Elsewhere, Canada compares favourably with other G7 countries in terms of having an exceptionally well-educated population. One of the challenges we face, though, is to maintain that enviable status in the post2000 world, where higher education and specialised training will be more crucial than ever before. Although Canada leads all OECD nations in terms of total spending on post-secondary education as a percentage of GDP, we're nonetheless faced with a scarcity of financial resources to support the system.
Ensuring a proper level of financing for the education system is a top priority. But then we also have to develop the proper environment and opportunities for our expensively educated young people. A combination of high Canadian taxes and superior job prospects--with remuneration in U.S. "greenbacks"--is already luring large numbers of graduates south of the border.
To create adequate opportunities for our educated people will require that our private sector make a greater commitment to innovation than the less than two-percent-of-R and D-to-sales ratio I noted earlier. Sustained, long-term success in the global marketplace cannot be achieved unless Canadian companies are prepared to allocate more of their resources to research and product development--even if that entails foregoing some short-term profits.
However, in many cases--aerospace being one--the private sector can't do it alone. We need an ongoing commitment from Ottawa to support vital research and development in order to help level the playing field for Canadian high-tech players of all stripes in their struggle to win--and hold--an increased share of world markets.
Ottawa this year allocated a total of $250 million to Technology Partnerships Canada, its principal programme for the support of innovation in knowledge-based industries such as environmental technology, biotechnology as well as aerospace. Significant as that may be in the Canadian context, it pales in comparison with the level of support available from governments where current and future competitors for a bigger share of the global pie are based.
Back in the 1989-90 fiscal year, Ottawa allocated some $300 million for strategic assistance to the aerospace sector under the old Defence Industry Productivity Program or "DIPP," as it was commonly known. Flash forward to fiscal 1998-99, and you'll find that the aerospace industry's share of this year's allocations from Technology Partnerships Canada, the successor programme to DIPP, is only $166 million. In 1989, the government's $300 million accounted for 25 per cent of the total $1.2 billion invested in R and D by the aerospace industry. Today, the $166 million invested under the TPC programme represents only 11 per cent of total R and D investments. Not surprisingly, the Canadian aerospace industry has developed an increased number of partnerships with major subcontractors, which partly explains why spending in R and D has not kept pace with sales growth and has resulted in a serious decline in Canadian value-added work.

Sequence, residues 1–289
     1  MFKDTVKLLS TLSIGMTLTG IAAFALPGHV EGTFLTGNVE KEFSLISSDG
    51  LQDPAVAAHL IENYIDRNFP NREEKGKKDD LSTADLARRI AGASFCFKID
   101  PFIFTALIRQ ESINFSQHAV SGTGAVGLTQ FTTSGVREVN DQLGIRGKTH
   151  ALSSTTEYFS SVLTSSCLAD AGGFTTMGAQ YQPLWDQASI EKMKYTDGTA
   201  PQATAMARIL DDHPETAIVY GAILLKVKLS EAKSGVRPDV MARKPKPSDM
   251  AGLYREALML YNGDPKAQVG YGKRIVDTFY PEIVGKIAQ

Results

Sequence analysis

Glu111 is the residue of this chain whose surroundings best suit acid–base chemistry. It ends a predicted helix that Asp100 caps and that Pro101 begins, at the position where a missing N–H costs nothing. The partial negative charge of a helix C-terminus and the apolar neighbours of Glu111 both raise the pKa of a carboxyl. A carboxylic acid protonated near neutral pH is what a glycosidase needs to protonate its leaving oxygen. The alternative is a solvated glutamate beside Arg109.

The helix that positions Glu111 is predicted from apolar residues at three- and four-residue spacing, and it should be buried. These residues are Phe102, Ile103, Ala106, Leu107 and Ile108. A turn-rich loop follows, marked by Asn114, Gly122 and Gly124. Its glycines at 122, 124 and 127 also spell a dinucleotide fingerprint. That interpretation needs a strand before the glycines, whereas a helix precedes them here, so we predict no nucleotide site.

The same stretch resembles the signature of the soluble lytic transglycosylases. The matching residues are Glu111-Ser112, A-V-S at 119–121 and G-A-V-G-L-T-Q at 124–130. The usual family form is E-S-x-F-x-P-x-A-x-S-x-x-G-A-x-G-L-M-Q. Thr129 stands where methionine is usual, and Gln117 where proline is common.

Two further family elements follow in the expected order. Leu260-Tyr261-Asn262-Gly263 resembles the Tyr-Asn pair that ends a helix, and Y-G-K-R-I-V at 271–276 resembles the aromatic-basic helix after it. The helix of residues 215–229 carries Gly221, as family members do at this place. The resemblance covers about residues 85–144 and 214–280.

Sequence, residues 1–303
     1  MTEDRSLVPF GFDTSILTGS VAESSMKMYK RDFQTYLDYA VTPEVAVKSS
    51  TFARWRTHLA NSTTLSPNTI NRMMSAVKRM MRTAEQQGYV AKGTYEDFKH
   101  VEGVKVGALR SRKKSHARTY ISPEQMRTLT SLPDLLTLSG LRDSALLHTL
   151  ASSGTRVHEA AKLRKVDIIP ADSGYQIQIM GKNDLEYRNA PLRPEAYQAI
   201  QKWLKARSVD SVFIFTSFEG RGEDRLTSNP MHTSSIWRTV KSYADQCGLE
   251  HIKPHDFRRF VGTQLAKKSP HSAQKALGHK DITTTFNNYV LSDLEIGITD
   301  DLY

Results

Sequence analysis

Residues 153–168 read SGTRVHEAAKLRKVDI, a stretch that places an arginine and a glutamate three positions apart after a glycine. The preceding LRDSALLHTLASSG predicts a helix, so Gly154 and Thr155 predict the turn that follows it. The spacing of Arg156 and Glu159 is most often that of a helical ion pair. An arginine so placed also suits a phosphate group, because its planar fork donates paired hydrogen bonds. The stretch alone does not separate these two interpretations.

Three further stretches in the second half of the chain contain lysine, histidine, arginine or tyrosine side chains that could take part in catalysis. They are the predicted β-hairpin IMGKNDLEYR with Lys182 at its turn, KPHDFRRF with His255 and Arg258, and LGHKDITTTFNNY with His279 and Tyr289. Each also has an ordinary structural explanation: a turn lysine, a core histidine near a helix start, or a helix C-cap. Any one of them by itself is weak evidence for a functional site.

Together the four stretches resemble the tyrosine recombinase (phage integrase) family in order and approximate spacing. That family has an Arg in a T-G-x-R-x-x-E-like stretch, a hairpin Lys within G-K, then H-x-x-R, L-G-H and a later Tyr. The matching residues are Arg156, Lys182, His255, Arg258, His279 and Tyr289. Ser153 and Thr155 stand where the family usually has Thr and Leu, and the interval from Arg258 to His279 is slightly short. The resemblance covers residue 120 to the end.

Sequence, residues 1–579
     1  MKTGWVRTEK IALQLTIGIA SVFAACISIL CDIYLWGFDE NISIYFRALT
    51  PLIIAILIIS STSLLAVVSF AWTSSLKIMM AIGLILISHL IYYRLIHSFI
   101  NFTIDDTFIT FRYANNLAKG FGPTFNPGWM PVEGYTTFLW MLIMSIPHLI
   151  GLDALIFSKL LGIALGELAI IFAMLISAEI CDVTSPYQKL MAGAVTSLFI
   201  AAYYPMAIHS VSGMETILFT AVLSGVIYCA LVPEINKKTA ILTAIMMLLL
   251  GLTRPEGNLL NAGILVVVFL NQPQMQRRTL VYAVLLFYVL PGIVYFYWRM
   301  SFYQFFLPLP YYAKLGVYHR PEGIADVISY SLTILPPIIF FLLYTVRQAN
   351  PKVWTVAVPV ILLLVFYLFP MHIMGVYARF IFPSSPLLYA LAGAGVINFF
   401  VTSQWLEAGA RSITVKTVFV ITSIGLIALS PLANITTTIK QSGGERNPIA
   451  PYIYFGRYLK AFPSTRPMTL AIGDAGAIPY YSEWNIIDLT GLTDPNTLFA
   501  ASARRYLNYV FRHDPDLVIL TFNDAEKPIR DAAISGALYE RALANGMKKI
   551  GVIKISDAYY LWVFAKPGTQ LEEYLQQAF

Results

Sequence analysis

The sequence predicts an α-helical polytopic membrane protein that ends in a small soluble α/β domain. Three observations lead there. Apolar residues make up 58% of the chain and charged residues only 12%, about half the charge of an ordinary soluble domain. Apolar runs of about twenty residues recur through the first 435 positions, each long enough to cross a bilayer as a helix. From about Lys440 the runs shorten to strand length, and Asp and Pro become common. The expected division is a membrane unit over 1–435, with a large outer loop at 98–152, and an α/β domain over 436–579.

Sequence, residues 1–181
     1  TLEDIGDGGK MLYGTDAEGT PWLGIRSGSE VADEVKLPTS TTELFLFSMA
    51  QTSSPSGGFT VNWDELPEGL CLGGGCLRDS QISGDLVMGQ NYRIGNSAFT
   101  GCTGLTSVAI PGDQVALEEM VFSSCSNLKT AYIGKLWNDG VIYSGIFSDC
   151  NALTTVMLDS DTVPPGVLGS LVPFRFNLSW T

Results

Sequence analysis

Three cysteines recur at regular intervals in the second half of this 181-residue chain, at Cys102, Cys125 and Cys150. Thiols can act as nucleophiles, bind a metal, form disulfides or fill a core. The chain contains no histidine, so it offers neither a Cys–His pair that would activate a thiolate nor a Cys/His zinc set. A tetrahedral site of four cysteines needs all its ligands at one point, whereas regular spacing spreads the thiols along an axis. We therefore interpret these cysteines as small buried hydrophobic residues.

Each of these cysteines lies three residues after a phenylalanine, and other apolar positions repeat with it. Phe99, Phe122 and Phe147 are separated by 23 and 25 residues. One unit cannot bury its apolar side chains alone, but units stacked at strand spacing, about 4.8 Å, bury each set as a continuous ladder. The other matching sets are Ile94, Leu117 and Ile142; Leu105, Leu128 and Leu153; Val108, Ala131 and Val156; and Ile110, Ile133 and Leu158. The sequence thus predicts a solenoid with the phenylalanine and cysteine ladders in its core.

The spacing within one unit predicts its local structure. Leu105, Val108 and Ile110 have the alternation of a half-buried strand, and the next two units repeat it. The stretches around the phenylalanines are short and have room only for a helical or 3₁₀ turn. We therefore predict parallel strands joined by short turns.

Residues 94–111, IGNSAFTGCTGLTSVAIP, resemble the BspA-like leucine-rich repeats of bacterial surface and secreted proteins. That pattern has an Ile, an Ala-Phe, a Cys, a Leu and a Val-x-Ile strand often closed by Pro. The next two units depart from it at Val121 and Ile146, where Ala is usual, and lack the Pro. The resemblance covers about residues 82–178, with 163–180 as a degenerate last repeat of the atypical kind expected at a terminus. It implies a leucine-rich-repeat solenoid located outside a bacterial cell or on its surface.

Despite substantial sales increases, Canadian value-added has slipped from 66 per cent of sales back in 1995 to 54 per cent today, on an industry-wide basis. That is more than a 10-per-cent decline in just four years and I believe it reflects the sharp reduction in government R and D investment. The trend will continue if nothing changes.
Like I said, the need to develop a knowledge-based economy has not been lost on places like the U.S., Europe, South Korea and Japan, even during these difficult times. If rival nations offer an environment more conducive to innovation, one could logically conclude that R and D which otherwise would be undertaken here will go elsewhere. This will serve to increase the "innovation gap" between Canada and other industrialised countries, and lead to a further decline in the proportion of Canadian R and D and value-added in our aerospace sector.
If nothing changes, Canadian aerospace firms will continue to be aggressively pursued by foreign suppliers and partners who, backed by financial support from their governments, are able and willing to share the risk in new Canadian programmes.
It's not as if we aren't capable of playing in the big leagues, or that Canadian know-how doesn't measure up. The aerospace industry's experience offers tangible proof to the contrary. Over the past five years, we have grown at triple the rate of Canada's GDP and passed Japan to become the world's fifth4argest player in aerospace, trailing only the U.S., the U.K., France and Germany. What's more, the lion's share of our sales are exports--some 80 per cent of the forecast.
Fifteen billion dollars plus in 1998 sales will go to foreign customers. And I'm confident that--given the proper environment--Canada's other knowledge-based industries can equal or match that sort of winning performance.
It was at a forum, not unlike this one, back in 1904, that Sir Wilfrid Laurier uttered his famous--"The 20th century belongs to Canada." Perhaps Sir Wilfrid overstated things a little bit. But we do have a truly marvellous country, which holds every bit as much promise today as it did at the turn of the previous century. However, if we are to realise that tremendous potential as we move into the 21st century, we must strive to ensure that this country becomes recognised around the world as much for its know-how and highly skilled people as for its natural resources. Only then will Canada and Canadians be assured of their rightful place in the knowledge-based, global economy and maintain its position amongst the wealthy nations of the world.
Thank you very much.
The appreciation of the meeting was expressed by Kenneth B. Rotman, Co-President and Managing Director, Clairvest Group Inc. and a Director, The Empire Club of Canada.